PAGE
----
As renewables markets mature, renewables investors are looking to new markets for their next source of growth.
In this series of e-briefings, we summarise the opportunities and risks for international investors in the developing renewables markets of South East Asia. The renewables sector in South East Asia is nascent (with some notable exceptions). However, the commitments made by Asian countries at COP 21 indicate that renewables enjoys broad support throughout the region.
1. Market Readiness
1.1 Statutory Framework
The Philippines has been supporting its renewables sector since 1978, when it passed a law to regulate the development of its substantial geothermal reserves. Table 1 summarises the history of the key laws, plans and policies in the Philippines renewables sector.
Table 1: Legislative history of the Philippines renewables sector
- An Act to Promote the Exploration and Development of Geothermal Resources is passed
- Incentives to Mini-Hydro Electric Power Developers (101 kWe to 10 MWe) are released
- Electric Power Industry Reform Act (EPIRA) is passed
- Philippine Energy Plan is released
- Update of the Philippine Energy Plan 2005-2014
- An Act Promoting the Development, Utilization, and Commercialization of Renewable Energy Resources (the Renewable Energy Act) is passed
- Rules and Regulations Implementing the Renewable Energy Act is passed
- Feed In Tariff (FIT) Rules are released
- Department of Energy (DOE) releases Renewable Energy Plans and Programs 2011 – 2030 (known as the National Renewable Energy Program (NREP))
- Feed-In-Tariff Rates for renewables are released
- Net-Metering Program for Renewable Energy is released
- Guidelines for the Selection Process of Renewable Energy Projects Under Feed-In Tariff System and the Award of Certificate for Feed-In Tariff Eligibility are released
- Guidelines on the Collection of the Feed-in Tariff Allowance (FIT-All) and the Disbursement of the FIT-All Fund are released
- Availment and Disbursement of Cash Incentive to RE Developers Operating in Missionary Areas is passed
- New Solar Feed-in-Tariff (FIT Rate) is released
- Resolution on Setting the Installed Capacity per Grid and National Grid and Market share Limitations per Grid and the National Grid for 2015 is passed
- A Resolution Adopting the Amended Rules to Govern the Interruptible Load Program (ILP) is passed
1.2 Key regulators
The key regulators in the Philippine renewables sector are the following:
• Energy Regulatory Commission (ERC)
• National Power Corporation (NPC), which generates 72% of the total electricity generated in the Philippines
• National Transmission Corporation (TRANSCO), which controls the transmission assets and is responsible for linking power plants to the ‘Distribution Utilities’ (DUs) and electricity co-operatives (which in turn provide electricity to end-users)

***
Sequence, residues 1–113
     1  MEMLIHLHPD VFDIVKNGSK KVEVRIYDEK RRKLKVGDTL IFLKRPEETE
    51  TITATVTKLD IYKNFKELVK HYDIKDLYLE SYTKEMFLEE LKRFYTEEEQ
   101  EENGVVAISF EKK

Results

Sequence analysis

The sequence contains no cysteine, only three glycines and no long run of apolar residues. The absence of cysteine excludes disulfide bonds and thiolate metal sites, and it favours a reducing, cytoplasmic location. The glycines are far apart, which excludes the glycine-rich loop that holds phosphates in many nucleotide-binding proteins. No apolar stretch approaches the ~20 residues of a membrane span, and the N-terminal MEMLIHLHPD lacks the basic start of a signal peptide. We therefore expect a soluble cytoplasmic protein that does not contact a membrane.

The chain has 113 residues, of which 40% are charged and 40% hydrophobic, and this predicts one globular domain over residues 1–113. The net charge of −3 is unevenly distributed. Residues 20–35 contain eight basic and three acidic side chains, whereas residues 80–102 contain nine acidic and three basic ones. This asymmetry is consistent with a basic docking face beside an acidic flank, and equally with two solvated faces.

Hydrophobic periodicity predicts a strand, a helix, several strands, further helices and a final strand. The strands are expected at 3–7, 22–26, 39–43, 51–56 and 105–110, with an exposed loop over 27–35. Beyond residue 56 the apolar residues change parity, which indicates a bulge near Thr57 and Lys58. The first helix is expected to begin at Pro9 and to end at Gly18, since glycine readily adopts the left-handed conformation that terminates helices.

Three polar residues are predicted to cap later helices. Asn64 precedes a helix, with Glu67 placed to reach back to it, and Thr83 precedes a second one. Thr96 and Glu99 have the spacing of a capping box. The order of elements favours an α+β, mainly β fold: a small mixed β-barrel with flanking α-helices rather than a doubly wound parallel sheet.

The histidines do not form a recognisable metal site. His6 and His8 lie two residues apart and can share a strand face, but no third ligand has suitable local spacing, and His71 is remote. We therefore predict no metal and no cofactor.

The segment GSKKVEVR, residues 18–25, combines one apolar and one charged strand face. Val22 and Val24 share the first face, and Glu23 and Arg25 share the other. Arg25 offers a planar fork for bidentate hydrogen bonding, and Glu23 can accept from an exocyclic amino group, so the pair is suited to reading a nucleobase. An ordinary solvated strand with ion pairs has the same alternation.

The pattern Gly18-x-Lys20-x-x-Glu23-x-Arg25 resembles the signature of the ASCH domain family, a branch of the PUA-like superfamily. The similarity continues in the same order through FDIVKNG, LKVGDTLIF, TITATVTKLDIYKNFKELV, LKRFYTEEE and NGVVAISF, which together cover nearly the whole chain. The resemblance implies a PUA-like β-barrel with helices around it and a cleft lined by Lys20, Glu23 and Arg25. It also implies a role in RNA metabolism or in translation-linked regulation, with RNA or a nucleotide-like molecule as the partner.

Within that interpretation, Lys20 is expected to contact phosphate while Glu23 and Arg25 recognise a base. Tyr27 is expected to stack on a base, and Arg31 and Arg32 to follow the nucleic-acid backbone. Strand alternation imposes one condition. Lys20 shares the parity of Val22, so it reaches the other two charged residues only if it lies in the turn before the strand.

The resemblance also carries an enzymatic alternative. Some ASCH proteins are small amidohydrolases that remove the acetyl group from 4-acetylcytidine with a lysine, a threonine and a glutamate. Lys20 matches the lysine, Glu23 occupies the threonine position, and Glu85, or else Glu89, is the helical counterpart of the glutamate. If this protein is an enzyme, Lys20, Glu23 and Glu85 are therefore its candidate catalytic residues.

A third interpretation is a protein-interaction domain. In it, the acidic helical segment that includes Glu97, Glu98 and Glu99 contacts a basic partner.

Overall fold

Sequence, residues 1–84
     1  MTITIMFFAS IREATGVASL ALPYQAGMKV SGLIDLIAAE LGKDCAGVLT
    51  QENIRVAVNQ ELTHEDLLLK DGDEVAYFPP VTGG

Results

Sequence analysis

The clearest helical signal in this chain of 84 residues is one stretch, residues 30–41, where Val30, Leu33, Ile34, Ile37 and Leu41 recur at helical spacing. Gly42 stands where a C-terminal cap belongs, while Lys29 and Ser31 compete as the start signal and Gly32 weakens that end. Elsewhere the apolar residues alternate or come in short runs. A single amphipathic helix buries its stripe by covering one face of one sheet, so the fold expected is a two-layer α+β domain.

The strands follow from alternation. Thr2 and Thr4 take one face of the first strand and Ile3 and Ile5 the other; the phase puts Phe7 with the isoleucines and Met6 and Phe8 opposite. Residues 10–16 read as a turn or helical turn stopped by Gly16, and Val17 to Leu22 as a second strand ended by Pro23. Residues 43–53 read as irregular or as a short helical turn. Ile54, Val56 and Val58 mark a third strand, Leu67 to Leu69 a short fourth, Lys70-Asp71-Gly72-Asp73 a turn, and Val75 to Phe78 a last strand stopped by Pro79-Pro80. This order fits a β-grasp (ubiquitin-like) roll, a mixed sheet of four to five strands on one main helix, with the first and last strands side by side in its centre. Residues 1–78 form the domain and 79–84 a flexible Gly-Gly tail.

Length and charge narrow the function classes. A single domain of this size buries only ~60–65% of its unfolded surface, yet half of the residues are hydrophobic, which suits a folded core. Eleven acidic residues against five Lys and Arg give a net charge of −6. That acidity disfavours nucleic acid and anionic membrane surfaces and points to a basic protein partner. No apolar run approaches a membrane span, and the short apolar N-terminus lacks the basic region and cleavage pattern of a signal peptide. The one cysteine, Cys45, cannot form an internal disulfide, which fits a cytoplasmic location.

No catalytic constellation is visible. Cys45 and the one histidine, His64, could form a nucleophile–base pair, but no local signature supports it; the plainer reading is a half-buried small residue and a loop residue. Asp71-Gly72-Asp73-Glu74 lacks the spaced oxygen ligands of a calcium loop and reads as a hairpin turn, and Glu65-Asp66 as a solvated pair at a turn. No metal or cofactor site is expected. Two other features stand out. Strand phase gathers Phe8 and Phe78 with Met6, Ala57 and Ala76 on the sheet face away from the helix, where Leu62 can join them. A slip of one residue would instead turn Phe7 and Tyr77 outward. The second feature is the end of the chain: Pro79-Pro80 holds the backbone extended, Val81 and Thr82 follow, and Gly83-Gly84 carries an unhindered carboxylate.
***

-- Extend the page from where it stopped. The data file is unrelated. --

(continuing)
• Power Sector Asset and Liabilities Management (PSALM), which owns TRANSCO and is overseeing the transfer of control of its transmission assets to private parties
The DOE and ERC will be particularly important regulators for foreign developers.
The DOE is generally mandated to prepare, integrate, coordinate, supervise and control all plans, programs, projects and activities in relation to energy exploration, development, utilization, distribution and conservation. Under the framework of EPIRA, the DOE is responsible for attracting private investment into the power sector and establishing the Wholesale Electricity Supply Market to promote competition and efficiency.
The ERC is generally mandated under EPIRA to promote competition, encourage market development, ensure customer choice and penalise the abuse of market power in the electricity industry. The ERC passes rules and regulations, including Competition Rules, imposes fines or penalties for any non-compliance with, or breach of, EPIRA, and acts as an independent regulatory body performing combined quasi-judicial, quasi-legislative and administrative functions in the electricity industry. It is responsible for issuing licenses to electricity suppliers and sets transmission, distribution and retail fees charged to end-users.
1.3 Historical Renewable Capacities
Since 2006, the average growth of renewables capacity in the Philippines has been around 13%. Total renewables capacity declined in 2011 slightly, mainly because of a decrease in geothermal capacity, which is the largest contributor to renewables in the country. Geothermal capacity constituted as much as 90% of the total renewables capacity in 2006, but that proportion decreased in succeeding years as Feed-in-Tariffs (FITs) for other renewables sources such as biomass, solar and wind were released, and so those technologies became more important to the power mix. Table 2 reflects the extent of renewables development in the Philippines from 2006 to 2014.
Table 2. Installed power capacity (in MWe) for renewables sources in the Philippines (2006-2014)
• there was no significant growth in the total installed capacity of renewables up to 2014
• the announcement of FITs through regulations in 2010 and 2012 provided a positive impact for wind and solar PV projects in 2014
• geothermal remains an important technology in the Philippines (the slight decrease in installed geothermal capacity in 2011 resulted from the decommissioning of more than 100 MWe geothermal power plants and the privatisation and rehabilitation of other power plants)
The first geothermal power plant was commissioned in 1979 with a 160 MWe installed capacity. Following a law passed in 1990, which allowed private entities, including foreign entities, to finance, construct, operate and maintain geothermal power plants for a defined period, most of the geothermal power plants are now privatized and geothermal exploration and development (together with the related risks) are carried out by the private sector.